PATRICK reports as follows :
On the first day of February I conducted the Sunset drive. I was driving on Balule Plains and we saw a large herd of elephants at the Cement Dam drinking water. We also managed to see a large herd of Buffalo.
On the 2nd of February during the bushwalk on Oxford, we saw two big elephants busy eating Marula fruits. The elephants seemed not to be aware of our presence and they continued eating.
On the 4th of February we saw two black rhinos eating very close to the road. We also sighted two male lions that were approximately eight hundred metres away from the road.
On the 7th on Oxford main road, we first sighted two male lions that lay next to the road. We then saw two elephants busy eating Marula fruit. The guests were very happy.
On the 13th during the sunset drive we saw one male lion on the Tshukudu fence and one female lion on the Balule side of the fence. The two cats were lying very close to each other. On our way back close to Nonwane we saw six lions lying down in an open area. The guests were very happy and we stopped there for about thirty minutes.
On the 14th I conducted a safari in Kruger National Park. We saw two lions mating very close to the road on the H6 close to Sweni Bridge. We also saw some rhino just before the S127. We saw a large herd of buffalos along the Orpen Road close to Nsemani Dam. We also had to stop for some time when we encountered a large herd of elephants crossing the Orpen Road.
On the 15th of February I went to Kruger for the whole day. We managed to see two lions walking leisurely at Sweni bridge. The lions walked very close to the open vehicle and crossed over to the other side and lay down. On the S127 we saw four rhinos and when we got to Timbavati we saw a large number of elephants and hippos. There was one elephant that came very close to where we were parked. The guests managed to take pictures up close.
On the 19th of February we sighted two mating lions on Maroela road. We also spotted elephants along Sable Road.
On the 23rd I went for the bushwalk with Ashley and seven guests in the Oxford area of Balule. When we got to the river we saw a black rhino that was about seven metres away from where we were. The rhino turned around and looked at us. I could tell that the rhino was in attack mode thus I quickly told the guests not to run away. I took my rifle and looked straight at the rhino with rifle pointed towards him. The rhino started advancing towards us and I got ready to shoot a warning shot. Luckily enough he decided to change direction and went the other way. All the guests were excited and some were filled with fear. This day will always be remembered by them as a really scary day.
On the 24th I did the Sunset drive in Balule. I first spotted the spoor of buffalos and as I followed them I saw lion footprints. It seemed as though the lions were following the buffalos. I continued following the tracks and we came upon a pride of six lions lying down close to the river. When we got to the dam we saw a large herd of buffalo drinking water. The guests were very happy. On our way back to the lodge we saw two black rhino on the road. When they saw the Landcruiser they quickly ran into the bush.
Isaac reports as follows :
On the 24th of February the day started off cool in the morning. By midday the sky was clear. I drove through Rabelais from the Orpen Gate. Two km before we got to the main road we came across a herd of elephants crossing the road. A young male elephant remained behind on one side of the road and the rest of the herd had crossed the road. The young elephant became very scared and tried to scare us as well by pretending to charge towards us. He quickly took a few steps when he realized that we were not scared. He started trumpeting to get help from the other elephants but it was in vain. He eventually ran along the road and crossed the road about fifty meters away joining the rest of the herd.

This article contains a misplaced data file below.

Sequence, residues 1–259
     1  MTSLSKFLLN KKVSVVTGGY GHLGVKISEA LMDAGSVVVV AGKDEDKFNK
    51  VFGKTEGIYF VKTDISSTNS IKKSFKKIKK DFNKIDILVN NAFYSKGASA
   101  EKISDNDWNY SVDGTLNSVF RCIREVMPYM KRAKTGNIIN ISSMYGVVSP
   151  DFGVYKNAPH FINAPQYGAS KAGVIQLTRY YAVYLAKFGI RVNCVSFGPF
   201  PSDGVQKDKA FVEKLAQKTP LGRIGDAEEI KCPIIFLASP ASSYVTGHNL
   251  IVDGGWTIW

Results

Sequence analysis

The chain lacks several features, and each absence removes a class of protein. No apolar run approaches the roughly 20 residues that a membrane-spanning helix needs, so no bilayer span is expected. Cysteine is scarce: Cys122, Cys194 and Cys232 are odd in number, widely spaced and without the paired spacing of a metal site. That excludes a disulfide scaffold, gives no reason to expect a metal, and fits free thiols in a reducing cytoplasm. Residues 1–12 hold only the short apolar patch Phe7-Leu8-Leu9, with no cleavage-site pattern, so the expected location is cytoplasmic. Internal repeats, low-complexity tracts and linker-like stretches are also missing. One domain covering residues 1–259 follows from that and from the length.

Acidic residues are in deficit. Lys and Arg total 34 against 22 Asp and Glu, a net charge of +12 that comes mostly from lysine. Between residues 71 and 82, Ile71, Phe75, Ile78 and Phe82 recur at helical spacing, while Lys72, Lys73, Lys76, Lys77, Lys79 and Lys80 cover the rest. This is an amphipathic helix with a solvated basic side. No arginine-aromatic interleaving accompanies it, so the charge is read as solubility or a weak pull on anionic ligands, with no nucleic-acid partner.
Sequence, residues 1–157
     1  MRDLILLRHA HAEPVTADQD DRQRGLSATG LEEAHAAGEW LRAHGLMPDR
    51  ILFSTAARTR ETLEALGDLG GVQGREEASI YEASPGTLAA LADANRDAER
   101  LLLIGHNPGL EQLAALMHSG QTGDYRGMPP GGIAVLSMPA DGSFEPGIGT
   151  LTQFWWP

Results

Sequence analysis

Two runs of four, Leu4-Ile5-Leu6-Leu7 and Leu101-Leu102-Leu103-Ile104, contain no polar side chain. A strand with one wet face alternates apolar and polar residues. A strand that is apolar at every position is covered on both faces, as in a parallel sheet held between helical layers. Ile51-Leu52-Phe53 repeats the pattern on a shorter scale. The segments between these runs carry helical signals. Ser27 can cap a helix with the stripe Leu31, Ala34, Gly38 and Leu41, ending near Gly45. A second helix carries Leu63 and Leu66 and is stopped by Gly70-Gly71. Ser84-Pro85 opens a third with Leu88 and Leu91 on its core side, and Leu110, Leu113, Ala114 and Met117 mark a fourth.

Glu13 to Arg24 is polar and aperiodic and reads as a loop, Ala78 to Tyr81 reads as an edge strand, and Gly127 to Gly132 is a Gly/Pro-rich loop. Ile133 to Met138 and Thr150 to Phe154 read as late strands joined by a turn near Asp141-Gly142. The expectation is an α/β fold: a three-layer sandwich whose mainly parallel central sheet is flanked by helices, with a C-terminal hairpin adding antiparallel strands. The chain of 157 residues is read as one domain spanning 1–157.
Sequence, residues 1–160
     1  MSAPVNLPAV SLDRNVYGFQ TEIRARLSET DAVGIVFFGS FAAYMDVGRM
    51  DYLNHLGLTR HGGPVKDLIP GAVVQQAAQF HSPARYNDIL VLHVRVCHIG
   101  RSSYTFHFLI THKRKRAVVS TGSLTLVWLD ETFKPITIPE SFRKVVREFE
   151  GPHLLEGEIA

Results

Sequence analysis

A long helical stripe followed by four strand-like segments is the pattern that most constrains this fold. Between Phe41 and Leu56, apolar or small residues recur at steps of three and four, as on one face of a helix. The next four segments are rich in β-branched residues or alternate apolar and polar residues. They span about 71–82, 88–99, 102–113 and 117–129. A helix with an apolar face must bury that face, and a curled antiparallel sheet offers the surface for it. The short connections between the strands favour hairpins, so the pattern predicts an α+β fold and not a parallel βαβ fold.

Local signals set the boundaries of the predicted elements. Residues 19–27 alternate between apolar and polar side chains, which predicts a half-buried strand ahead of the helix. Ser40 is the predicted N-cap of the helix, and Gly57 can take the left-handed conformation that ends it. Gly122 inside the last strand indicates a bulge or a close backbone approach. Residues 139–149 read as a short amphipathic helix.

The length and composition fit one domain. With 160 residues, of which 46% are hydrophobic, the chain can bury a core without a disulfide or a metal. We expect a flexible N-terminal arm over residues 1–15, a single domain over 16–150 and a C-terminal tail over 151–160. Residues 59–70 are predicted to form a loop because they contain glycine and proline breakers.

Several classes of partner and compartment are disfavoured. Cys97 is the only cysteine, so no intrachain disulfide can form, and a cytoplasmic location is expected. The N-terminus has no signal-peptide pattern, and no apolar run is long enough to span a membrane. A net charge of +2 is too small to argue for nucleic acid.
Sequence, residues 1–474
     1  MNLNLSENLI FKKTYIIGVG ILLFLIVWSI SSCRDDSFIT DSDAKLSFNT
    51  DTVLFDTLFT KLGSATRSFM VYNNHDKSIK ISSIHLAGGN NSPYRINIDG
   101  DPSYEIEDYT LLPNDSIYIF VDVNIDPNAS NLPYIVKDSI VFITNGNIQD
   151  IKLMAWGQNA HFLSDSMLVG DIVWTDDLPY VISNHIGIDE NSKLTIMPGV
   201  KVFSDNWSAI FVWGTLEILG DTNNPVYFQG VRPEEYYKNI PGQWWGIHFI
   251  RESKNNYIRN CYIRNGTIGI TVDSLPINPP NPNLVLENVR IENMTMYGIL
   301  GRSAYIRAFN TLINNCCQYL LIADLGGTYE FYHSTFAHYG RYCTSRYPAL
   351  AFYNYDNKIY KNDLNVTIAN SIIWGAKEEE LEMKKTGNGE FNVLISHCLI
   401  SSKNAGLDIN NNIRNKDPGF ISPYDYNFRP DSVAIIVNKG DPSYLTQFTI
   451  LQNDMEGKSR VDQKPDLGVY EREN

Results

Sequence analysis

On the Sweni Road around midday we saw one white rhino rolling in the mud about twenty metres away from the road. A lot of cars came by and the rhino looked around, got up and ran into the thick bush nearby. After lunch we drove towards the Olifants River and after driving for about 14km along the road we saw two lions mating in the middle of the road. We were about five meters away from them. After mating the lioness started rolling on the ground. After five minutes the two mated again. When we were about to leave they mated for the third time. When they finished, the male lion started moving around the lioness in a bid to protect her from the cars that were passing very close to them. On our way back just after the Sweni Dam we came across some Wild Dogs on the road. Some were relaxing while others were walking along the road.
A kilometre before the Orpen Gate around 17h45 we spotted a hyena and a black-backed jackal chasing each other. The jackal was carrying something in its mouth and the hyena eventually gave up and remained behind sniffing the ground.
On the 26th of February I went to Kruger and as we drove on the S100 we saw two herds of elephants. The first herd was splashing mud over their bodies. The second herd was a few metres away from the first herd. Within the second herd there was a large bull mating in the midst of the herd. Four hundred metres away from the T-junction we saw two lions walking along the road. We followed them for about hundred metres and they eventually disappeared into the thick bush.
On the S40 around 1500hrs we saw two male lions and two female lions resting about twenty metres away from the road. The four lions got up and we realized that one of the male lions was walking with a limp. It must have been an injury acquired in a fierce fight between himself and some brave prey who would not go down without a fight.
TEXSON reports as follows :
On the 8th of February around 10am at BobbejaansKrans View Point in Kruger, we saw thirty two Wild Dogs hunting impalas. Some of them were walking on the road towards Satara. At the Mudzadzeni Road picnic spot we saw a big herd of buffalos crossing the road in front of the vehicle. On Sweni Road we spotted two mating lions at the Welverdiend water hole. At the Timbavati picnic spot we saw two white rhino next to the road. On the S46 near the Windmill we saw two lionesses stalking zebras and blue wildebeest but there was no success because they were in an open area and their prey had a lot space to run away.